to help yourself
disbelief, while the other is experiencing anger over the loss.
All of the feelings we experience during the grieving process have to do with accepting the reality of the loss and saying good-
As well as going through many of the reactions outlined above, you may also experience many other feelings (e.g. panic, relief, fear, self-
It is sometimes very tempting to feel that life would he more bearable if you moved house or quickly disposed of possessions or refused to see people. There is a very common urge to avoid painful things. However, this can make things worse and such decisions must he given great thought. Bereavement is a time of very painful emotions, but it is important to experience these to the full in order to build your life again.
It is not uncommon, as well as feeling mentally taxed, to feel physically run down: to find it difficult to eat, sleep and so on, but eventually these symptoms should fade and disappear. It can also be a very isolating process when you may feel as if no one else could possibly experience what you are going through.
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Many people feel, following a close bereavement, that they would like someone outside their immediate circle of family or close friends, to talk with and confide in. Don't hesitate to approach your GP, your local Bereavement Service, or a Counsellor.
Listen! Listen! Listen! No matter how independent a person is, he or she still needs the support of family and friends.
Provide practical help. Something as simple as a home-
Help a bereaved person to make plans for getting through special occasions such as the first Christmas without his or her spouse. The anniversary of a loss, either a death or a divorce, is also an especially sad time.
There's no question about it, loss is a necessary and painful part of life. But perhaps what matters most is that there are ways in which we can help ourselves and others to say good-
Bereavement and Grief
One of the obvious but often overlooked facts about life is that, at some point, we can likely expect to experience a significant loss. The losses are many and varied. The death of a loved one, the end of a marriage or other love relationship, the loss of a job, all of these are major losses and stressors.
Even those of us who have never experienced a major loss in our lives have experienced minor losses. Loss is the loneliness you felt when you left the security of home for that first day of school. And loss is the disappointment you feel when you reach forty and realize that you're never going to attain those lofty goals to which you aspired in your twenties.
However, grief expresses itself in many different ways, often with powerful, frightening and confusing feelings. It is common for these feelings to ebb and flow over a very long period of time, whilst those around us may say "you should be over this by now". Although no two people's experience will be the same, below are listed some of the common feelings which you may experience at different times in your grief:
The experts tell us that the mourning process is similar for all losses. The difference is degree not kind. The five phases of grief that most people experience when a loved one dies are similar for the ending of a relationship or the loss of a job.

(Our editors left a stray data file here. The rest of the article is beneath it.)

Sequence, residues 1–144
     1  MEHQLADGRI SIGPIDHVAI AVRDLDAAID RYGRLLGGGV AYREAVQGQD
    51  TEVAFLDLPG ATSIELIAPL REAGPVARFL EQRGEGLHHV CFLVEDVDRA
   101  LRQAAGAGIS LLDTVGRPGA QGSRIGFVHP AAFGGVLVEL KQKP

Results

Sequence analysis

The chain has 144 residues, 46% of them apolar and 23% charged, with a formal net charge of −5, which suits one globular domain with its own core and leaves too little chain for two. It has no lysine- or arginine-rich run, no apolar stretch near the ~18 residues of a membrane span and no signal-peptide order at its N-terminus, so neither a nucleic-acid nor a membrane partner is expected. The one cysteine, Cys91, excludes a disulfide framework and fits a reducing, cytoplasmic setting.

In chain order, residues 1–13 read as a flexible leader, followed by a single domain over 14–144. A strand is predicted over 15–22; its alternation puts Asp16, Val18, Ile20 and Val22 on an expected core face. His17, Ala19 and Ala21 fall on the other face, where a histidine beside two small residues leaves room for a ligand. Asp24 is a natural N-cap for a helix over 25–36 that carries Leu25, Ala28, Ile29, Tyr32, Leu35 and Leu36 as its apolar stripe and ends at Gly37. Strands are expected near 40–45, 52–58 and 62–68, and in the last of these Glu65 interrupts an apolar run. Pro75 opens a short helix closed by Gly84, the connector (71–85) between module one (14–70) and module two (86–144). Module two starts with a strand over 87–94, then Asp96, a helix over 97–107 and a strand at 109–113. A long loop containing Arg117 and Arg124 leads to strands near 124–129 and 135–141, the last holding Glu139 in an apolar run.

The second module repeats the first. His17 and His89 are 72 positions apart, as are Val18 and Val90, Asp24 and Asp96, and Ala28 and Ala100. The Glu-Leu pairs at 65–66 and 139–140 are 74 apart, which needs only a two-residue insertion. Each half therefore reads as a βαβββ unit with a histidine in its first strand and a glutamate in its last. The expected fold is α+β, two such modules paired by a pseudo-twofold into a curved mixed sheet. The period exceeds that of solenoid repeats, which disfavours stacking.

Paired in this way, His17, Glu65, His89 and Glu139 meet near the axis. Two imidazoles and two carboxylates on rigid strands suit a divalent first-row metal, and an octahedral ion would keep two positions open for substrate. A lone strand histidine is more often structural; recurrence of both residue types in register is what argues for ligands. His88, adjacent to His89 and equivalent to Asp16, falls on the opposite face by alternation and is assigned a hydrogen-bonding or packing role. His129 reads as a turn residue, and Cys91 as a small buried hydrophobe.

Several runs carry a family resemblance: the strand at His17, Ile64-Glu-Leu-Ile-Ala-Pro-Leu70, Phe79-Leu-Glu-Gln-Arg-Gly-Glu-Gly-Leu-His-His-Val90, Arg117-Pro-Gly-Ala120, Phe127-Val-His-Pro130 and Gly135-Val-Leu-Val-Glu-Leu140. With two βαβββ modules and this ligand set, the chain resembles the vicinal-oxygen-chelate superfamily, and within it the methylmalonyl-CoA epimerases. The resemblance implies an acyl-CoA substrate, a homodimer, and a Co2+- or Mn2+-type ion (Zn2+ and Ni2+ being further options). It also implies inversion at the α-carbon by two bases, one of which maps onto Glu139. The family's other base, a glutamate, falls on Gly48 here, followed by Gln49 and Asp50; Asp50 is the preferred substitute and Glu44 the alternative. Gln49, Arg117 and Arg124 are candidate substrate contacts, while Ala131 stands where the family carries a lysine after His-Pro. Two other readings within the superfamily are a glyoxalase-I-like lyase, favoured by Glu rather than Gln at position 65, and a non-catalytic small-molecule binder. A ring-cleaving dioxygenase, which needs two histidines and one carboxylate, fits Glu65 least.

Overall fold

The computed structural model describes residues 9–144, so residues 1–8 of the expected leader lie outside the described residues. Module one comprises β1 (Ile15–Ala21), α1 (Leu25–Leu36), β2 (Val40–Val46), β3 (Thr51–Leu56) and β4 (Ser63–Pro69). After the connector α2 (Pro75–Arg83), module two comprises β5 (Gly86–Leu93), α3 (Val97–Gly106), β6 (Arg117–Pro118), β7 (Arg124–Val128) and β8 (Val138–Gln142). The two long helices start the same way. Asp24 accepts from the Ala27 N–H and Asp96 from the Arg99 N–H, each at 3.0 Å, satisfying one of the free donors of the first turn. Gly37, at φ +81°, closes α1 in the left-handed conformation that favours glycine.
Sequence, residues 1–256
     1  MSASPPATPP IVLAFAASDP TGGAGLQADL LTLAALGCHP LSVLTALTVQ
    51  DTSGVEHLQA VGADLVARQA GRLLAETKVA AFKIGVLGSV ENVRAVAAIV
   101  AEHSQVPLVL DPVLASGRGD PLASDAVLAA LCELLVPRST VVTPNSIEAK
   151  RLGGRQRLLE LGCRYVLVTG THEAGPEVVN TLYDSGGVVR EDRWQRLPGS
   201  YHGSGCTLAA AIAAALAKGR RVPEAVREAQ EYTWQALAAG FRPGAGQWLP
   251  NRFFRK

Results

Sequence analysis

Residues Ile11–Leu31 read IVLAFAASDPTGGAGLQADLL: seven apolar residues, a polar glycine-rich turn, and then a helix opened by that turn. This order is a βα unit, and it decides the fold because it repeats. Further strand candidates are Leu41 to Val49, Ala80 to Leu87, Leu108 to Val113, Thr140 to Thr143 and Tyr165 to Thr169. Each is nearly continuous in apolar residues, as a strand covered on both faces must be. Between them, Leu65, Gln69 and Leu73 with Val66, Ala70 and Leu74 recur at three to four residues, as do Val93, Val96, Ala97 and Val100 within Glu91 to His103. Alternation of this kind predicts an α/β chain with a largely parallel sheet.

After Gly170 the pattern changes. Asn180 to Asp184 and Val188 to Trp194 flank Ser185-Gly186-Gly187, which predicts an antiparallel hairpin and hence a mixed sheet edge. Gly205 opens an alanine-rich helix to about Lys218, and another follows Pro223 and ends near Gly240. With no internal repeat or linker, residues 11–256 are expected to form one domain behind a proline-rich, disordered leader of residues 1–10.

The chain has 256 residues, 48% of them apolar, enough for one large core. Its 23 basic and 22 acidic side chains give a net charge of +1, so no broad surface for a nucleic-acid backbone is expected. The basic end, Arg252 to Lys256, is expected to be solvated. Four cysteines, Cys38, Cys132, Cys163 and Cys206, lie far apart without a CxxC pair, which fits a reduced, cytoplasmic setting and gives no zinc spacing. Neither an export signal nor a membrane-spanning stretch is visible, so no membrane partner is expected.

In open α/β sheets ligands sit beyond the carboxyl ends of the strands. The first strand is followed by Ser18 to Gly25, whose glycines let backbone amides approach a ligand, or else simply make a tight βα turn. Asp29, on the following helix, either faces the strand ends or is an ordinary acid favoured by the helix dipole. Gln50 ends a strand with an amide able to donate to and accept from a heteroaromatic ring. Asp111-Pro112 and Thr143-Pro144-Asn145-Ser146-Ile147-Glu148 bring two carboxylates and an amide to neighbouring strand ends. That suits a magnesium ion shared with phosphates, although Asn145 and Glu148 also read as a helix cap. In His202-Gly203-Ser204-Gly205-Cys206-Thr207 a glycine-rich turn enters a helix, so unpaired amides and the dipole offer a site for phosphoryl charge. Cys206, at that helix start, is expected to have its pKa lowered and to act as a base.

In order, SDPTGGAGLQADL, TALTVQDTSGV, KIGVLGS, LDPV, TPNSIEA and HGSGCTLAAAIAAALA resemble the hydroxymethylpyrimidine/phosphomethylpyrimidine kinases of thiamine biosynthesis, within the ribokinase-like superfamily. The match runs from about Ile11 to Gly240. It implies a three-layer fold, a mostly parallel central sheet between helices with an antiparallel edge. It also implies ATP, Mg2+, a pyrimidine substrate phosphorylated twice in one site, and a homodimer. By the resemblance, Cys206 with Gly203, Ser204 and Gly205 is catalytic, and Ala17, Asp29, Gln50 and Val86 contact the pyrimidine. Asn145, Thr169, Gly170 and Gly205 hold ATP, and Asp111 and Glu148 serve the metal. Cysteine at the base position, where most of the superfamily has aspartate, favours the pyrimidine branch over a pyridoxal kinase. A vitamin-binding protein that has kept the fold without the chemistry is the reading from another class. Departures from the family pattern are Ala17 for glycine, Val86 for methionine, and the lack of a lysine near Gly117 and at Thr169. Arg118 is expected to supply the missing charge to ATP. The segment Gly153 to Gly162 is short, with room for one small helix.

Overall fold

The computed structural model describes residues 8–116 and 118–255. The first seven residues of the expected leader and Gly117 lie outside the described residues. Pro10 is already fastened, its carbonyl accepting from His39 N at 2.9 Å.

You may find yourself being very calm and rather detached. Conversely you may feel completely at sea. Both are perfectly usual reactions.
Being unable to accept the loss
This often involves what has been called searching behaviour, which means that at some level you are trying to deny that the death has occurred, and in so doing you might find yourself making mistakes, which can he worrying. For example thinking that you have seen or heard the dead person, or laying his/her place at the table. You may even find yourself at odd moments of the day actually looking for him or her. Again this is perfectly usual.
Anger and guilt
You may be wanting to ask the question, Why has this happened? and why has this happened to me? It is common to wish to find blame for it, either in yourself, in others, or even with the person who has died, and this can lead to powerful feelings of anger and guilt (or sometimes both).
Despair and depression
There may be times when you lose all interest in living and feel that there is no point going on. You may even question your own sanity and think that you are going mad. This, though painful, is a common experience.
Usually this occurs with the passage of time and, when the pain has eased somewhat, you may find yourself being able to remember without feeling so overwhelmed. This can be a time for you to begin life again, maybe to renew old interests and take up new pursuits. This might seem disloyal to the person who has died, but what has happened in the past is always a part of you and is not affected by your enjoying the present, or planning for the future.
Long after the loss has occurred, individuals may suddenly react to the loss they felt they had accepted. For example, when a former spouse becomes involved with another person, remarries, or has a child, they may find themselves experiencing any or all of the feelings associated with loss all over again. This can be very confusing and unsettling for the individual. It's important to understand the far-
Although the phases of grief are predictable, the feelings may not be in this exact sequence, and the duration of each can vary from person to person. It's important to realize that everyone in a family may not be experiencing the same feelings at the same time. In other words, grief is an individual process. A couple grieving the death of a child, for instance, may not be in the best position to help and support each other if one is in a state of
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